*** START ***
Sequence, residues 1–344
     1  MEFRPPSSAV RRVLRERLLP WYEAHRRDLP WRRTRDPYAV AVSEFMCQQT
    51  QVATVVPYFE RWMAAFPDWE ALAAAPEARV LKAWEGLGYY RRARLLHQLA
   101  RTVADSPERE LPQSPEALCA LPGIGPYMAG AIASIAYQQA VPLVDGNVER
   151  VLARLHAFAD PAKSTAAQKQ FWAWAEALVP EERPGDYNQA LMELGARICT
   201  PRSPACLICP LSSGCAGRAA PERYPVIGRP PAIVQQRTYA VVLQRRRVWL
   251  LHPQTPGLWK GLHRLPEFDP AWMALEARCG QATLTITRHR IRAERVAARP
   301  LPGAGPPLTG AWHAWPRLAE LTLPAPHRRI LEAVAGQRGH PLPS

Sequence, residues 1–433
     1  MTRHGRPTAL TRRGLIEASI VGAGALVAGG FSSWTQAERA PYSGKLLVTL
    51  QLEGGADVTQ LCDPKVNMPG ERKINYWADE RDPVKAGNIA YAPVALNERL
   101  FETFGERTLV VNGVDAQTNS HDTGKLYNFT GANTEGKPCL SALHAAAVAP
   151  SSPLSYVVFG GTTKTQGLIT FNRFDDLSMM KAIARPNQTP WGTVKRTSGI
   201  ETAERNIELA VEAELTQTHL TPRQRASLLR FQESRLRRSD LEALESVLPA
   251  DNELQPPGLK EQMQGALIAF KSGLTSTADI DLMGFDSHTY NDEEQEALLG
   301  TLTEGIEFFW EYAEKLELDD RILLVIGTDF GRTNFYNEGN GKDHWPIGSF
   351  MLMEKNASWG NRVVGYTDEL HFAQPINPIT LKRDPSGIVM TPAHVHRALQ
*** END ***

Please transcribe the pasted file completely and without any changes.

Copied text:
Sequence, residues 1–344
     1  MEFRPPSSAV RRVLRERLLP WYEAHRRDLP WRRTRDPYAV AVSEFMCQQT
    51  QVATVVPYFE RWMAAFPDWE ALAAAPEARV LKAWEGLGYY RRARLLHQLA
   101  RTVADSPERE LPQSPEALCA LPGIGPYMAG AIASIAYQQA VPLVDGNVER
   151  VLARLHAFAD PAKSTAAQKQ FWAWAEALVP EERPGDYNQA LMELGARICT
   201  PRSPACLICP LSSGCAGRAA PERYPVIGRP PAIVQQRTYA VVLQRRRVWL
   251  LHPQTPGLWK GLHRLPEFDP AWMALEARCG QATLTITRHR IRAERVAARP
   301  LPGAGPPLTG AWHAWPRLAE LTLPAPHRRI LEAVAGQRGH PLPS

Sequence, residues 1–433
     1  MTRHGRPTAL TRRGLIEASI VGAGALVAGG FSSWTQAERA PYSGKLLVTL
    51  QLEGGADVTQ LCDPKVNMPG ERKINYWADE RDPVKAGNIA YAPVALNERL
   101  FETFGERTLV VNGVDAQTNS HDTGKLYNFT GANTEGKPCL SALHAAAVAP
   151  SSPLSYVVFG GTTKTQGLIT FNRFDDLSMM KAIARPNQTP WGTVKRTSGI
   201  ETAERNIELA VEAELTQTHL TPRQRASLLR FQESRLRRSD LEALESVLPA
   251  DNELQPPGLK EQMQGALIAF KSGLTSTADI DLMGFDSHTY NDEEQEALLG
   301  TLTEGIEFFW EYAEKLELDD RILLVIGTDF GRTNFYNEGN GKDHWPIGSF
   351  MLMEKNASWG NRVVGYTDEL HFAQPINPIT LKRDPSGIVM TPAHVHRALQ